Presidential talking points fall right for Barbour

Positioning is everything.
Because he has a Southern drawl more pronounced than Bill Clinton, Jimmy Carter or Lyndon Johnson, some immediately dismiss Gov. Haley “Hitch Up Your Britches” Barbour as a national candidate.
Others simply don’t want to think about the next presidential election so soon after the last one, which, after all, featured 14 or more months of solid jabber-jawing before voters finally had their say, electing Barack Obama in November.
So OK. Don’t think about it for now. But understand this: It’s a process. One need look nowhere other than the phased approach taken by the former junior senator from Illinois – once self-described as a most unlikely candidate – to see that purposeful steps are taken over a period of years to gain the nation’s attention.
During the weekend, Mississippi was host to the annual huddle of the National Governors Association.
The 22 Republicans among them are a somewhat troubled group.
Former Alaska Gov. Sarah Palin would have been the star attraction for the media due to her celebrity status with conservatives because of the energy she added to the GOP ticket last year and, more prominently, because the left, which includes the entertainment industry, insists on regarding her as a shallow kook. But she resigned as governor to seek her fortune, perhaps literally, as a conservative icon without the trappings of elective office.
Another big name was South Carolina Gov. Mark Sanford. But he’s been in the news not for rallying conservatives, but merely as this month’s example of another politician who says one thing and does another.
And there’s Arnold Schwarzenegger, presiding over the financial meltdown of California.
Enter Haley Barbour. As host, he could set or influence the agenda. And offer up his views on national issues to the cameras. And show off the Mississippi Gulf Coast four years after Katrina, America’s worst-ever natural disaster.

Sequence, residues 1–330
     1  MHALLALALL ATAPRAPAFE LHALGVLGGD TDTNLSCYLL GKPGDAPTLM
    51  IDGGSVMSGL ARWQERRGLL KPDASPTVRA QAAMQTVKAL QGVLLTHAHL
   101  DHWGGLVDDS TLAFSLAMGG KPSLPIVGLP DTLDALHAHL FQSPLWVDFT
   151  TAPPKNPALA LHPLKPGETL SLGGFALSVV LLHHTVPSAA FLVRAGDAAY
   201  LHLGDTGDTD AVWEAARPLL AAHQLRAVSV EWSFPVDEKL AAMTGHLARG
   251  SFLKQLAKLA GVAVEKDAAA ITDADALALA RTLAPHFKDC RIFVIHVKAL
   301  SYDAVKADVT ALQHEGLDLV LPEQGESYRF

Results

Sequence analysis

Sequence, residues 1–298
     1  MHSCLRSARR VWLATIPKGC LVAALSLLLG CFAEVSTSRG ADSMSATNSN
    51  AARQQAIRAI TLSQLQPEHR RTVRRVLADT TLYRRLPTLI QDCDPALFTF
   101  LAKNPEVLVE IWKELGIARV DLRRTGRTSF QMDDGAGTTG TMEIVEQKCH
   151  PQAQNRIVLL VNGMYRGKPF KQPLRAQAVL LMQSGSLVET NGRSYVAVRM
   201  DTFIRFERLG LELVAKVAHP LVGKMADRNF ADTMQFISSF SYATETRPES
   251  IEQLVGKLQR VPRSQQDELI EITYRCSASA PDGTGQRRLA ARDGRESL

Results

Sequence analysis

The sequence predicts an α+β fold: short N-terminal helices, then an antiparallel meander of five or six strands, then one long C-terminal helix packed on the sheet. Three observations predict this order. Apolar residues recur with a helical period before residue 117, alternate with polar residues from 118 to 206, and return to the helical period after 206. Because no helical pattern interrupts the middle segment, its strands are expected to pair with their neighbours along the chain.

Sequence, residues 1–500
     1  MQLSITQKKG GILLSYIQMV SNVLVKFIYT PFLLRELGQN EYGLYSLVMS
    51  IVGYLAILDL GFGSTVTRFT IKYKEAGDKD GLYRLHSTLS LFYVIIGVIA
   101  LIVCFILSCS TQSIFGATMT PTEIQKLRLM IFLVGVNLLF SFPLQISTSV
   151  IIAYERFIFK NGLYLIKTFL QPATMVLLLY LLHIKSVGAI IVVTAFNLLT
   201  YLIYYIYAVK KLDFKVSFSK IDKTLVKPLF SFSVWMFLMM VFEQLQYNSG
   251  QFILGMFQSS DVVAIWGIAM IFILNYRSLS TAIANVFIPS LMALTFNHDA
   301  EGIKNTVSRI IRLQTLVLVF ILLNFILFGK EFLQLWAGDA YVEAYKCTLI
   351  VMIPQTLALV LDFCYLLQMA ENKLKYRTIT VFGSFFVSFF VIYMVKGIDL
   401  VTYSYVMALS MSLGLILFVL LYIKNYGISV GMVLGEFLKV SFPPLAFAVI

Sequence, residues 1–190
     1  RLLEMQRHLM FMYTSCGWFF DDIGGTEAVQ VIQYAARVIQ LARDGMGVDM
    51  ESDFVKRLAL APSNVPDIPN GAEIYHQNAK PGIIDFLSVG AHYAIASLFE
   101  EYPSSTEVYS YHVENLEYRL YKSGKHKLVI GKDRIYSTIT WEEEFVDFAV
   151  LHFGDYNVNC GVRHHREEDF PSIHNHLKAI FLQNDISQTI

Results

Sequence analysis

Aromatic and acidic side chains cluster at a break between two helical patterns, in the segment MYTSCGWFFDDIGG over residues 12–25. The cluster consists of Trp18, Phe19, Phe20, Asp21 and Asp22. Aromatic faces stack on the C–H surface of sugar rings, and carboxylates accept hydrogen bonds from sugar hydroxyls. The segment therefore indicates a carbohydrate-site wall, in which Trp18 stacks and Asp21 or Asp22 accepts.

Now in terms of the basic routines of their lives, Georgians weren’t noticeably changed by the governorship of Jimmy Carter. Ask a guy at a gas station in Arkansas how Bill Clinton transformed Arkansas and a puzzled expression might be the response. Barbour is term-limited in Mississippi and must move out of the mansion in January 2012 no matter what. Workaday citizens here might be equally challenged to talk about his accomplishments.
But don’t worry. The talking points list is being compiled – and talking points win elections.
On Haley Barbour’s watch:
* Public education funding soared by unprecedented percentages to unprecedented amounts. Student dropouts decreased and scores rose.
* Despite entering office facing a $700 million deficit, the state’s budget was balanced for his first year and every year since – and reserves were rebuilt, too.
* The state’s major sources of revenue – its income tax and sales taxes – were not increased. The only increases were on bad old tobacco and in assorted fees, including car tags.
* Mississippi, the state where the aforementioned Katrina made landfall, asked for less than a third of the recovery money Louisiana received from Congress and Mississippi has spent it on organized, targeted projects with much efficiency and little-to-no scandal.
* For re-election, Barbour was endorsed by many prominent state Democrats, some of whom are black, including Mike Espy, a former Clinton administration official.
* Mississippi is aggressively pursuing secure energy for the future.
* The state has landed several new, major employers.
Of course, people can put asterisks and, “yes, but…” with every item. But when they do so, they’ll appear to be quibblers.
For now, and many, many times in the weeks and months to come, Barbour will continue to eschew any notion of a presidential campaign. Instead, he will say, truthfully, that the most important event on his party’s horizon is winning state and federal offices in 2010.
Republicans are in decent shape to pick up some governorships and the party of a new president almost always loses ground in the House and Senate during mid-term elections.
Because Barbour, as national chairman of his party, engineered the effort that won Republican majorities in both chambers of Congress two years after Bill Clinton was elected, it’s only logical that he, again, will figure prominently as a go-to guy.
Obama began his term six months ago with more enthusiasm for his agenda than any president in recent history, but has been hamstrung by not being able to turn around the worst economy in generations. His “unfavorables” are rising.
If Barbour devises strategies that win for Republicans in 2010 and if America appears ready to try conservatism again, no one will be in a better position for the nomination, drawl or not.
These things take time. There are variables. But it’s all about position. Barbour’s talking points are ready. And if the stars align just right …
Charlie Mitchell is executive editor of the Vicksburg Post. Write to him at Box 821668, Vicksburg, MS 39182, or e-mail

Charlie Mitchell

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